Counteraction to Corruption Offences in Ukraine and the EU: Comparative Legal Aspect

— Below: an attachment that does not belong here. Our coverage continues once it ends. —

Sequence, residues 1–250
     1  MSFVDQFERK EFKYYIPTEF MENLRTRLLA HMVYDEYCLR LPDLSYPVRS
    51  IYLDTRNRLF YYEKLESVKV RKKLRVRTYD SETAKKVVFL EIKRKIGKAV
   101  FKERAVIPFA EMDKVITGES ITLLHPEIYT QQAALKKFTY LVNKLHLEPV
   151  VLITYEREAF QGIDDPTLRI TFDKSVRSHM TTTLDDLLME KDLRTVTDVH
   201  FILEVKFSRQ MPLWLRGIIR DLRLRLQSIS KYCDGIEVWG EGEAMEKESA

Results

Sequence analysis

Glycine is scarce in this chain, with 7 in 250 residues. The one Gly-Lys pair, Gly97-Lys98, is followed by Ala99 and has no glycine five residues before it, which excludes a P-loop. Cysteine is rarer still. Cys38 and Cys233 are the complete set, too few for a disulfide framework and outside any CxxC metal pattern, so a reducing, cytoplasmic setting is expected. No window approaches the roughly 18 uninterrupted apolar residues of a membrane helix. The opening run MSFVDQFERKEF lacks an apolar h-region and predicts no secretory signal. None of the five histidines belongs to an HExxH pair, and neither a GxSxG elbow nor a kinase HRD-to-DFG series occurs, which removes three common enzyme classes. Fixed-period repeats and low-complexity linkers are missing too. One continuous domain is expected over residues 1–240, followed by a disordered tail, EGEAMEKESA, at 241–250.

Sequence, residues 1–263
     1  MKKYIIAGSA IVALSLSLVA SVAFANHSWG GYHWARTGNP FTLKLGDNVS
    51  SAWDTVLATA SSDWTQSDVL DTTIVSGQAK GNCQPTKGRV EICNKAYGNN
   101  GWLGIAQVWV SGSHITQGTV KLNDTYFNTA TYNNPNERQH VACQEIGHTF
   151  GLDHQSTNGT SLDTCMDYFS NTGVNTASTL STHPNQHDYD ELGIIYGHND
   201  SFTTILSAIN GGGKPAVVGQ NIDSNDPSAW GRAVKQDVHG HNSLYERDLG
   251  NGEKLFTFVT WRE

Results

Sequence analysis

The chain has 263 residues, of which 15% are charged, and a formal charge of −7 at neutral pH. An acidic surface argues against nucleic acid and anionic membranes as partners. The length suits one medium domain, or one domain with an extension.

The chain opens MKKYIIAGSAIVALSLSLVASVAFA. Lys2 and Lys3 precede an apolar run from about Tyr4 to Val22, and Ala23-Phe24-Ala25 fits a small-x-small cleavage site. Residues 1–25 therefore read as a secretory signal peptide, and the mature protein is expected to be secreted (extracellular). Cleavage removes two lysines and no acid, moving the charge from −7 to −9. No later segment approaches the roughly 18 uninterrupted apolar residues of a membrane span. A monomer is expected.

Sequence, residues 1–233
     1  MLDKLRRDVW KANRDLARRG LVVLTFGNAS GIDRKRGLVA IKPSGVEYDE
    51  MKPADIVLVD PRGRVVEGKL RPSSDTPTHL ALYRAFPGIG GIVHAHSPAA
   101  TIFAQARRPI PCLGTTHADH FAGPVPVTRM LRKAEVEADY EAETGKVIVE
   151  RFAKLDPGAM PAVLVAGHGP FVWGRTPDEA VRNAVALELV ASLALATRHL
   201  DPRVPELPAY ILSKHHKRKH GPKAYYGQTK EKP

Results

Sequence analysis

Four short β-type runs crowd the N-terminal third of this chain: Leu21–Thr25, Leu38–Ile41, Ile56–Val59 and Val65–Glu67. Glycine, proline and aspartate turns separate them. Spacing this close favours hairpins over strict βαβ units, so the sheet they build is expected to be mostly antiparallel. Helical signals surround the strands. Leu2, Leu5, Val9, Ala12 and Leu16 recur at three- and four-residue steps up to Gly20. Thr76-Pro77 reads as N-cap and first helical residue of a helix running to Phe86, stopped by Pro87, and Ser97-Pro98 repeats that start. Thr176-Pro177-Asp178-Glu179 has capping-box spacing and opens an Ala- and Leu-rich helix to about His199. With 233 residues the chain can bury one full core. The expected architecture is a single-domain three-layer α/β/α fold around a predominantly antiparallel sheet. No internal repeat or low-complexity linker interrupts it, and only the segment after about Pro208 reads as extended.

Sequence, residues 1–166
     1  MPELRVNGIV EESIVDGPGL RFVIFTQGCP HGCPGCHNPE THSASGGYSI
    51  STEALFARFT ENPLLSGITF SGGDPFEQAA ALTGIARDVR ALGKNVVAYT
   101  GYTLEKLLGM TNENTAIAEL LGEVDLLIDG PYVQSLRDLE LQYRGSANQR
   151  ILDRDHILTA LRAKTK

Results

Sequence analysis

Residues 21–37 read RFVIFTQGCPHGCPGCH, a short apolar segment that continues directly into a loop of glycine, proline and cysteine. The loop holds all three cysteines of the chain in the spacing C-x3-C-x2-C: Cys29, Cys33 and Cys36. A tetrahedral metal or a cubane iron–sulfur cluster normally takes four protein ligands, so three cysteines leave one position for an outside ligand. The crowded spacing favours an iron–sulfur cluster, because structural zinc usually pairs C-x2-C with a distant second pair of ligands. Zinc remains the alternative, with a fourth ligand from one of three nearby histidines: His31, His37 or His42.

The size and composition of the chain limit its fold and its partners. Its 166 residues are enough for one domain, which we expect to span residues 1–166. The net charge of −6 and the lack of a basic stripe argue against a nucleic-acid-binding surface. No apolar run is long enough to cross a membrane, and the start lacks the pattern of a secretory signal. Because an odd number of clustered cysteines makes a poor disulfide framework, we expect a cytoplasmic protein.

AbstractThe article focuses on counteraction to corruption offences in Ukraine and the EU. To this end, the authors conducted a consistent analysis of international legal acts in the field of combating corruption, in particular the United Nations Convention against Corruption of 10/31/2003; Council of Europe Criminal Convention for the Suppression of Corruption (ETS 173) No. ETS173 of 01/27/1999; Resolutions (97)24 of the Committee of Ministers of the Council of Europe on the Twenty Guiding Principles for the Fight against Corruption, etc. The study provides a systemic analysis of individual cases of experience in counteraction to corruption offences in EU countries. Experience of Great Britain, France, Germany, Belgium, Sweden, etc. is explored. The authors proved that all EU countries provide criminal liability for committing corruption offences. In different countries, criminal laws differ in the different levels of detailing of crime, as well as in the different content of the concept of corruption offence. It is proven that corruption must always be considered as criminal offence only. Today, such unambiguity is advisable in the fight against corruption in Ukraine, where the criminalization of a number of blatantly corrupt practices, such as unjust enrichment, lasts for a long period and is ambiguously effective. The article also concludes that the most effective approach of legal support for combating corruption is one that covers criminal prosecution, disclosure of information about public authorities and private entities, their income levels, their wealth, etc., as well as the interaction of law enforcement agencies with the fiscal authorities. On the example of EU countries, we showed that monitoring of financial information of public officials under the private and public laws with the proper level of analytical support for its processing provides the necessary basis for law enforcement agencies to initiate criminal proceedings for such crimes. Special attention is also paid to expanding the scope of administrative services provided by public officials as being covered by the attributes of corruption and lacking legislative support. This will significantly increase the level of transparency of the activity of public authorities, while reducing the level of corruption manifestations. An important conclusion of the article is that the effectiveness of criminal prosecution for committing corruption offences depends on the level of legal culture and the level of legal awareness of both the public and public servants.
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